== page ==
'It's an anniversary,' I prompted. 'Ah yes,' said Alexei, a young rock fan, 'four years since the funeral of Viktor Tsoi.' He was referring to the ethnic Korean lead singer of the band Kino who died in a car crash in August 1990. 'No, it's another anniversary,' I said. 'Ah yes,' cried Anna, a pensioner. 'Three years since the coup.' At last I was getting somewhere, I thought. 'What a tragedy that so many people got killed,' she added. I realised she was confused and was thinking about parliament's uprising against President Boris Yeltsin in October 1993, when about 140 people died.
Only Alexander remembered that three years ago yesterday, an Emergency Committee of top Communists sent tanks on to the streets of Moscow in an attempt to roll back Mikhail Gorbachev's reforms and reimpose Soviet order. Alexander was not a Muscovite but a Bulgarian. For East Europeans like him and for people in the West, the coup was a serious matter. They believed they were returning to the Cold War.
But most Russians sat on the fence, waiting to see whether victory would go to the conspirators or to Mr Yeltsin, who with a few thousand followers resisted them on the barricades around the White House. Now, if Russians think about the coup, many recall a grubby little power struggle, not a fight about freedom.
There are some exceptions. Nina Veniaminovna, a nurse, has no doubt that if the Emergency Committee, which included the vice-president, defence minister and head of the KGB, had succeeded, then the Soviet Union would again have become a totalitarian state. 'We would have been back to the 1930s, barbed wire everywhere,' she said.
Ms Veniaminovna believes the three young men who lost their lives trying to hold back the tanks near the White House were heroes. Very unfashionably these days, she thinks the disintegration of the Soviet Union was no bad thing. 'It had to happen. The empire was too big. Nobody was to blame. Not Gorbachev, not Yeltsin, not the coup plotters. The system itself was unviable.' Ms Veniaminovna had better stay away from the various neo-Communist and Russian nationalist rallies planned for this weekend, that far outnumber pro-Yeltsin memorial events.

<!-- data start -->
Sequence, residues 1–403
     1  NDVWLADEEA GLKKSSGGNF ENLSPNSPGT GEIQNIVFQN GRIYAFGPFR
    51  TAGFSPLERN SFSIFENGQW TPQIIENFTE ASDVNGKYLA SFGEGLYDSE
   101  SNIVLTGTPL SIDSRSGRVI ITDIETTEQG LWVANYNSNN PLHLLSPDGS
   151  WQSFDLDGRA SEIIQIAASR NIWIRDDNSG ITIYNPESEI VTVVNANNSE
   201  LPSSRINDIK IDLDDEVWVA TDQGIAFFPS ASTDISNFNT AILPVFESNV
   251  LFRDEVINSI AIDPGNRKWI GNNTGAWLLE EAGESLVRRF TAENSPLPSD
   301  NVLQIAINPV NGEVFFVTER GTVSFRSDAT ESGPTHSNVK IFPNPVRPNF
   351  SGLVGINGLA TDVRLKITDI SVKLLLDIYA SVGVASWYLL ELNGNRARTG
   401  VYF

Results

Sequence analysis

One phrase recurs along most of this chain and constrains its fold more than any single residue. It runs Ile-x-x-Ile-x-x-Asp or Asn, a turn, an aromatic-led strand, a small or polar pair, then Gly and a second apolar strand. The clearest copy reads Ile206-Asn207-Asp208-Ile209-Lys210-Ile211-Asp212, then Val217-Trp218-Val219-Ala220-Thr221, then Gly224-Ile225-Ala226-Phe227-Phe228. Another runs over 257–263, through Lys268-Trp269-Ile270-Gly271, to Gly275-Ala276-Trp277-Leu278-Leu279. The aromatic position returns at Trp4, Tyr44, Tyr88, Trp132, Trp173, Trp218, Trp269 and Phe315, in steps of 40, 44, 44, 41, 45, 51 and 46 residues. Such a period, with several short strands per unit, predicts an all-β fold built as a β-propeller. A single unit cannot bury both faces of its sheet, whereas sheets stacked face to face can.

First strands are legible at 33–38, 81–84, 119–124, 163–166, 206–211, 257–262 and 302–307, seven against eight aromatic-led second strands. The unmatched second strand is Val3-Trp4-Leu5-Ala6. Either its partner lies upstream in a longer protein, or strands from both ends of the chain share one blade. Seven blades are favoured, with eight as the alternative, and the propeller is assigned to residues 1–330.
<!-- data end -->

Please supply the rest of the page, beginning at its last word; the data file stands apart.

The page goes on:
Today's opposition groups, supported by those who are nostalgic for empire or pinched by Mr Yeltsin's economic reforms, blame Mr Gorbachev for ruining the Soviet Union. They think the coup was a valiant bid to save the superpower. They may not have thought so at the time.
Vasily, Igor and Kamil, three labourers digging a trench, said they had supported Mr Yeltsin in 1991 but hardship had changed their minds. 'I can't feed my kids,' grumbled Igor. Kamil, a Central Asian, said: 'The Moscow police are always checking my papers. Before we lived in one country.'
The opposition has been boosted by this month's acquittal of General Valentin Varennikov, the only 1991 coup plotter to refuse an amnesty and see his trial through to the end. The judges found it technically impossible to convict him of treason on the basis of Soviet-era laws. The opposition take this to mean the coup was justified.
With history being rewritten in Russia, what should people in the West think of the events of three years ago?
It would help if we knew what to think of our erstwhile hero, Mr Gorbachev. When General Varen nikov was acquitted, Mr Gorbachev said the verdict was a blow to democracy. But the court noted that Mr Gorbachev, who was supposedly trapped in his dacha in Crimea, had not made effort to resist the putsch. The implication was that the father of perestroika had become frightened of his own reforms and secretly approved the crackdown.Reuse content